News from the Votemaster
To the great relief of the Republican establishment, Sen. Thad Cochran (R-MS) defeated tea party challenger Chris McDaniel 51% to 49% in the Republican senatorial runoff yesterday. However, instead of gracefully conceding, McDaniel gave a fiery speech last night promising to challenge the results. Traditionally, the courts are very hesitant to overrule the voters, but it's not over until the fat lady sings, especially if she is a judge.
This has been one of the meanest and most bitter primaries in years. Cochran is an old-school Southern politician, conservative, but polite and courtly to everyone, even to Democrats, with whom he often works on order to get lots of federal money for his poor state. His entire campaign has been based on the premise that he can do more for Mississippi than McDaniel. In contrast, McDaniel's campaign has been about reducing the size and influence of the federal government, and if that means less money for Mississippi, so be it.
In the primary election three weeks ago, McDaniel edged Cochran by 0.8% of the vote, but neither candidate cleared 50%, thus forcing yesterday's runoff. About $17 million was spent on the runoff, virtually all of it coming from out of state. Both establishment groups and tea party groups poured money into the state.
Turnout was much higher yesterday than in the primary itself, which is very unusual. Cochran made a huge pitch to black Democrats to vote for him in the runoff and it worked. Turnout was especially high in areas with large black populations and it favored Cochran heavily. In the 24 counties with a black majority, turnout was up 40%, compared to 16% statewide. This will be the basis of any McDaniel legal challenge. Under Mississippi law, to vote in a partisan primary, a voter has to promise to support his or her party's nominee in the general election. Thus any Democrat who voted yesterday for Cochran and who plans to vote for the Democrat, Travis Childers, in November, broke the law. However, since the November election is by secret ballot, it will be impossible to prosecute anyone. People who voted in the June 3 Democratic primary could, in principle, be prosecuted, but even that is doubtful since a voter could say: "My candidate lost in the Democratic primary and I don't like the winner, so I am voting Republican in the Fall." If McDaniel goes to court, he will claim that Cochran's win was based on thousands of people breaking the law by voting when technically they were not eligible. But proving that some voter was not eligible because he or she plans to vote for the Democrat in the general election will be a tough sell. Statistically, there is no doubt that McDaniel is right, but getting a judge to throw out an election on the grounds that probably a lot of ineligible voters voted will be a tough sell.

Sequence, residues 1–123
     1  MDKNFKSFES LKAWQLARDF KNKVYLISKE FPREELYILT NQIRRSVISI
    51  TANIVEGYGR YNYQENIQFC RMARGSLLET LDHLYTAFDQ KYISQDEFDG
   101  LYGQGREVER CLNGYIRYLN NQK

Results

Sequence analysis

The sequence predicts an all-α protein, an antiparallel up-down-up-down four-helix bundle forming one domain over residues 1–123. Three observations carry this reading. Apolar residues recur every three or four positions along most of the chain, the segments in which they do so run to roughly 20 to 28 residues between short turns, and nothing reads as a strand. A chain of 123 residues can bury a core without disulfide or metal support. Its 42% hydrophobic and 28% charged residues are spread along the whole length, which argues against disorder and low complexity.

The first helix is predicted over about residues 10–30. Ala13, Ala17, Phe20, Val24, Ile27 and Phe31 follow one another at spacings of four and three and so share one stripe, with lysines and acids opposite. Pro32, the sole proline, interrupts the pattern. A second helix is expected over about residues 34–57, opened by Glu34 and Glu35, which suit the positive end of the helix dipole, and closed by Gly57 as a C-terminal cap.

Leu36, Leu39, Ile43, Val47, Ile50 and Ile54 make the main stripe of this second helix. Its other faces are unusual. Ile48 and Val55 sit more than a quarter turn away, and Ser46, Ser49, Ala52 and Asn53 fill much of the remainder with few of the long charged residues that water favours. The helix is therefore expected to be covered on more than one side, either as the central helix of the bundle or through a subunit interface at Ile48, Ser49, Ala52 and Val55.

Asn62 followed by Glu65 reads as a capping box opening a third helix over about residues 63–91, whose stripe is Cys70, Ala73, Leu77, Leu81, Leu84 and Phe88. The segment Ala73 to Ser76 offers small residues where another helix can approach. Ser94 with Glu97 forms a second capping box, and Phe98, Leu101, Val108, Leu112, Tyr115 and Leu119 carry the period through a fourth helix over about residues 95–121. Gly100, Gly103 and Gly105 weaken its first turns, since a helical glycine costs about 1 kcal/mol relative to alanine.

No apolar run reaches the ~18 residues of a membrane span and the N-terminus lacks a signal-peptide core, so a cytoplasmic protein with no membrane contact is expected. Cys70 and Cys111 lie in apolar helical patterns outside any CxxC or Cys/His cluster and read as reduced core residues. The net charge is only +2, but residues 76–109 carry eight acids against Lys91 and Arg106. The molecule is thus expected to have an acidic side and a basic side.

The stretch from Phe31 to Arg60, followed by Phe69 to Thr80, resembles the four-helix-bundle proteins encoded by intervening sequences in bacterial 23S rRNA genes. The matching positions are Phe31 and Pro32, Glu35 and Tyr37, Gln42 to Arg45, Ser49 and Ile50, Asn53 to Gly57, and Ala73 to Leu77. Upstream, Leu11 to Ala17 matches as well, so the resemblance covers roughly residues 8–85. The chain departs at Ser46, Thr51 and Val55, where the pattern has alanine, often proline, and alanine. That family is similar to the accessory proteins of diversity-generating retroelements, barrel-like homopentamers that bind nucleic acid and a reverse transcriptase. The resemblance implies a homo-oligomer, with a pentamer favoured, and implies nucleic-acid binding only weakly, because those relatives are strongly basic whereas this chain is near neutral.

Whether it was wise for black Democrats to vote for an elderly conservative Republican is certainly arguable. On the one hand, he will bring home more pork, bacon, and other pig products than McDaniel would have, especially since McDaniel would have no seniority and is against the idea in principle. So Cochran's reelection could bring tangible benefits to the state's poorest citizens. On the other hand, A McDaniel victory would have put the state in play and made it much harder for the Republicans to capture the Senate. A Republican Senate will probably not look kindly on spending federal money to help poor black people. So was it wise for poor black Democrats to vote for Cochran instead of McDaniel? The voters thought so, even if political strategists might have thought otherwise.
For a while this year, the narrative has been: "The establishment strikes back." Then after McDaniel's narrow win in the primary and Eric Cantor's defeat at the hands of an unknown tea party candidate in Virginia, it changed to: "the tea party is alive and kicking." Now it will be: "Maybe the tea party can't win after all." It has been an unusual year so far.
In more good news for the Republicans, former congressman Bob Beauprez won a four-way primary for the right to challenge Gov. John Hickenlooper (D-CO) for the governorship of Colorado in November. While that race does not have national implications, one of the candidates Beauprez beat was former congressman Tom Tancredo, a fiery opponent of immigration reform. Had Tancredo won, immigration would have become a major issue in the general election and this would have ginned up Latino turnout. In turn, this would have helped Sen. Mark Udall (D-CO), who is running for reelection against Rep. Cory Gardner (R-CO). With Beauprez on the Republican ticket instead of Tancredo, Udall will not get a big lift from a nasty discussion about immigration.Email a link to a friend or share:
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